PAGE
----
When Magna Fortuna dug in for the start of Race 2 at Hawthorne March 13, the tote board said he was 4-1 odds to win.
But if a futures pool existed for such a thing, the odds might have been four million to one that this 3-year-old colt would be alive, let alone anxiously awaiting the gates to fly open in a horse race.
For the first weeks of his life, no one knew Magna Fortuna, a.k.a. “Taxi”, even existed. He was growing inside his mother, who was shipped off to an Indiana livestock auction in June, 2009.
The mare was hours away from being sent to slaughter when Gail Vacca of the Illinois Equine Humane Center (ILEHC) spotted her at the back of a pen, clearly in distress.
“I told the kill buyer, I'd really like to buy that mare. She will not make the trip to Canada,” Vacca said. “He didn't want to, but eventually he sold her to me for $300.”
As they nursed “Lulu” to health, Vacca and her staff discovered that she was pregnant. They would later learn that Lulu was actually a mare named Silver Option and that the foal inside of her was a son of Magna Graduate.
Taxi was born on Tax Day, April 15, 2010. The ILEHC staff registered him with the Jockey Club and named him Magna Fortuna, which means “great luck” or “great fortune.” They decided perhaps this colt should do what he was born to do, and the group formed a racing partnership.
“I thought maybe he could make it to the track and become a “spokeshorse” for the way some of these broodmares are treated,” Vacca said. “It just defies description that people can do this, throw them away like garbage the minute they can't make money off of them.”
We first met Magna Fortuna last December as he prepared to begin his racing career. In his first outing at Hawthorne, Magna Fortuna finished ninth of 12 runners in a Maiden Special Weight race at six furlongs. In his second start in February, he came in seventh of 11 at the same level and distance. But the colt's partners and his trainer, Michele Boyce, were not discouraged. They felt he would improve in a longer race.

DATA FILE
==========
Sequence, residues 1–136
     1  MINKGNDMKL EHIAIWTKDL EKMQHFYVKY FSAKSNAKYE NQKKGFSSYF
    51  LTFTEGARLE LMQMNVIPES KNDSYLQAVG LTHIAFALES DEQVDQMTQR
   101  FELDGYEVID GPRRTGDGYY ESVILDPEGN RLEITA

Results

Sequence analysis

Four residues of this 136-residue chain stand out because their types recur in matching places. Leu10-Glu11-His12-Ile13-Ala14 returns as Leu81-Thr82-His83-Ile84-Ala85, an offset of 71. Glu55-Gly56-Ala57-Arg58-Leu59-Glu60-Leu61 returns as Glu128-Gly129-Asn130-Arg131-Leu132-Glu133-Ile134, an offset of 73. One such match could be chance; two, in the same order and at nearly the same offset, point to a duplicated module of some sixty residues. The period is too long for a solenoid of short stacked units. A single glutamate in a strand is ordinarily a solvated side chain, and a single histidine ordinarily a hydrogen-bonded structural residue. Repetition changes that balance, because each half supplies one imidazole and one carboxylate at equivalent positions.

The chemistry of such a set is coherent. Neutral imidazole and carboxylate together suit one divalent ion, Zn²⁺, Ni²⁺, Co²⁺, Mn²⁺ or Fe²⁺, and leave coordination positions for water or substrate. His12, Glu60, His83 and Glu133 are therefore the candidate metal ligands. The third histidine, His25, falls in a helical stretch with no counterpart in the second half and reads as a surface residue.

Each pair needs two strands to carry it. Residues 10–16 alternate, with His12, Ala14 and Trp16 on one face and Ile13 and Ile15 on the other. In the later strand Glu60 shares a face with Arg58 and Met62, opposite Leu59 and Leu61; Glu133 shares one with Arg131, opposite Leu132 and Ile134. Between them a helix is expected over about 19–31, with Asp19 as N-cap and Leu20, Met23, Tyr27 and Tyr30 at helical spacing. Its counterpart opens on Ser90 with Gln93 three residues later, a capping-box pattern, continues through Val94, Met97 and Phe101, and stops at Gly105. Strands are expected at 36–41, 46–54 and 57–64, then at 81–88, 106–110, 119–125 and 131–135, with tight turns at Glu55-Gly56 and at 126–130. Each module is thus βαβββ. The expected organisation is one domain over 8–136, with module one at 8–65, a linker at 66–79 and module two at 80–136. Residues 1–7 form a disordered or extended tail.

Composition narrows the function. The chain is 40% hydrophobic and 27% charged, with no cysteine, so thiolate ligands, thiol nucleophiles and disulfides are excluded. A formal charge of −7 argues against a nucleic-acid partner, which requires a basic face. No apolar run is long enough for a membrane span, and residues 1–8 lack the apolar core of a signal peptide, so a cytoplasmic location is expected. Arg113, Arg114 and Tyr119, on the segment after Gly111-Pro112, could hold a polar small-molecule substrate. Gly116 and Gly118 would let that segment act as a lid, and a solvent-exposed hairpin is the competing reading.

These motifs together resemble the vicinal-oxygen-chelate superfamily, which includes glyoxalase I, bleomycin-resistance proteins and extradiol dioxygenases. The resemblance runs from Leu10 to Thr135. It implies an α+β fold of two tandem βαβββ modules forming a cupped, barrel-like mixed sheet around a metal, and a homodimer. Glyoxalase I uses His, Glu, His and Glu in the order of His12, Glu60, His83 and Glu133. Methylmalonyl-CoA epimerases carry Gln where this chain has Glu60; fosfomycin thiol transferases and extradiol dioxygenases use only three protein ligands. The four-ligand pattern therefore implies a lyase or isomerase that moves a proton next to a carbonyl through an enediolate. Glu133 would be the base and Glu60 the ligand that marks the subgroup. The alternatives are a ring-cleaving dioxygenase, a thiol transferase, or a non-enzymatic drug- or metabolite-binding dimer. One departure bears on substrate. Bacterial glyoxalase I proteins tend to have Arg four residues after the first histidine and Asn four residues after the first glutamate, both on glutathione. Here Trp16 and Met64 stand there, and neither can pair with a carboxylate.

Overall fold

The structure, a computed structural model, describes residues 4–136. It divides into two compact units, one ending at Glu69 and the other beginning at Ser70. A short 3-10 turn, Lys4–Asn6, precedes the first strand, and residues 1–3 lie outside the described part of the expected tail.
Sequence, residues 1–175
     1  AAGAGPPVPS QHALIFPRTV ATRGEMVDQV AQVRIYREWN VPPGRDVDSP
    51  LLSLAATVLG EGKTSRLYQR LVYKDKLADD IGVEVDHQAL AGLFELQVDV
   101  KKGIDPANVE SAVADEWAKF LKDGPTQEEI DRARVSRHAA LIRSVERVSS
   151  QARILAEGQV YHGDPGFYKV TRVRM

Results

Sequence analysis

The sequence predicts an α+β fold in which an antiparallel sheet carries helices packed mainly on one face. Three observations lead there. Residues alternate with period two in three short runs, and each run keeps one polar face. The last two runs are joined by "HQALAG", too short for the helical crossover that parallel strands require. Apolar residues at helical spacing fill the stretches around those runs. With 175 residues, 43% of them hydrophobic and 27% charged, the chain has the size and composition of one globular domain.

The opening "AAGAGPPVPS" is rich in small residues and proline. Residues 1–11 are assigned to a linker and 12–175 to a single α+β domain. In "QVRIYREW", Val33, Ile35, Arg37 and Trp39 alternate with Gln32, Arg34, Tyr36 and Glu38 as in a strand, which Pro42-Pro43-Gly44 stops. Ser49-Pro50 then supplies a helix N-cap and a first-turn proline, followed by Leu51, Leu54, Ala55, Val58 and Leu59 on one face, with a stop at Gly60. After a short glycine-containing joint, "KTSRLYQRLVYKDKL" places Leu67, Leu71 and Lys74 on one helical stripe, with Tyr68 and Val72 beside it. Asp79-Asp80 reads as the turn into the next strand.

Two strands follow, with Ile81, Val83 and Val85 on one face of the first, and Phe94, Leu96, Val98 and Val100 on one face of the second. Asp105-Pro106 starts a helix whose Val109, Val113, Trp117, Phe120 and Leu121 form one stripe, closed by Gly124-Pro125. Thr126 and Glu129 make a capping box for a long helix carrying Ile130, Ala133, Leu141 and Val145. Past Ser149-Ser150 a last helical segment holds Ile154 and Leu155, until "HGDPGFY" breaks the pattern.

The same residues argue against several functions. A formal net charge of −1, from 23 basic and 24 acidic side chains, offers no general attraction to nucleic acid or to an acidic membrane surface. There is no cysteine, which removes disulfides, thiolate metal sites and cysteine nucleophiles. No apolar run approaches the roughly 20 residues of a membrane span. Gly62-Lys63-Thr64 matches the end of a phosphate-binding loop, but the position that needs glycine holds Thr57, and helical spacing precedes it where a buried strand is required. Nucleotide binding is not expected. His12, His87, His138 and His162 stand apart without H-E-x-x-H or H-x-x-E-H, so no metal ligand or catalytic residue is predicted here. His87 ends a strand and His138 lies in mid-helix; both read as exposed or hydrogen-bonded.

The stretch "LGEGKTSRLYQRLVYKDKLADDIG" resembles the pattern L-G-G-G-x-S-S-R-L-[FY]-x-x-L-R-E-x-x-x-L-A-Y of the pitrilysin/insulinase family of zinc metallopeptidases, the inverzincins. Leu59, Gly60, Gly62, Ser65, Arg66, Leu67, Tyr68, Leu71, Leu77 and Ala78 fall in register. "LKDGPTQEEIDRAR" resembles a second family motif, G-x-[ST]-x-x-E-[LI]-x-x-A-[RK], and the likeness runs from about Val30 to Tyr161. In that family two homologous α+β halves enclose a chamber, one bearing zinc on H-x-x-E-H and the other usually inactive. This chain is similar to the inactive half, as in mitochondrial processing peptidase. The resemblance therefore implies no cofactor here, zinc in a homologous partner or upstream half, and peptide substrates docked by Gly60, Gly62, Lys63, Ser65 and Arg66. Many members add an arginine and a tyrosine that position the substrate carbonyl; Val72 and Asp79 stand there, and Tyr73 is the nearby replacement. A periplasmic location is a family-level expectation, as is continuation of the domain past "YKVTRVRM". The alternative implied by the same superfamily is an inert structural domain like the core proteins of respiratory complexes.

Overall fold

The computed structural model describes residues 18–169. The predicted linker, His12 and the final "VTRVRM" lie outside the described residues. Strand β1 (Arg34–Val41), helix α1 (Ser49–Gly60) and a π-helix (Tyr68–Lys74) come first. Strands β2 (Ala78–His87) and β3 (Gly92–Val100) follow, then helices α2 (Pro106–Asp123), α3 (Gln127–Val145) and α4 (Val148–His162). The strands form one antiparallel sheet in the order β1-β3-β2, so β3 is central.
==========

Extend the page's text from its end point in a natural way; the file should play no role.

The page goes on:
On March 13, Laura Donohoe, an ILEHC volunteer who helped head up the partnership, stood on the track apron at Hawthorne, too nervous to watch Magna Fortuna run his third race, this time at 1 1/16 miles.
“I was just listening. I kept listening to (track announcer) Peter Galassi's call,” Donohoe said. “I kept hearing Magna Fortuna, Magna Fortuna. Then he said Taxi was starting to widen, and I looked up and saw him flying, and I couldn't believe it.”
Magna Fortuna hit the wire 9 3/4 lengths in front of his rivals (watch the replay, race 2, 3/13/13). The partners jumped for joy and embraced each other as if they had just won the Kentucky Derby.
“It was just an incredible mixture of elation and I don't want to say shock or disbelief – we had faith that he could do it – it was just so emphatic,” Donohoe said. “It was just like, that's our horse!”
There were others in the stands cheering that day who had come to the track just to see “their horse” run.
“We've gotten fan emails to Taxi, so many emails from people that saw the story and are pulling for him,” said Donohoe. “One of the reasons that we got into this was to drive awareness around responsible ownership, so the positive response has been good.”
Donohoe said there are no immediate plans for Magna Fortuna's next race, but the partners are on the same page about his career. He will never be entered in a claiming race, where he could be purchased, and his well-being will always be the top priority.
“Hopefully, he'll have a long, successful career in racing, and afterwards, we'll find the perfect second career for him. He's a very smart horse, and he likes to keep busy.”
Right now, Magna Fortuna is “just chilling,” awaiting his next opportunity to break from the gates and defy the odds once more.
“You can tell he wants to run again, but we're not going to rush him,” Donohoe said. “We're trying to set him up for a long, healthy career. As Michele said, we'll let Taxi tell us when he's ready.”
A percentage of Magna Fortuna's earnings will go to the Illinois Equine Humane Center, where his 16-year-old mother has a permanent home. Little does she know that her son, a colt that only she knew existed in those fateful days three years ago, is helping take care of her.
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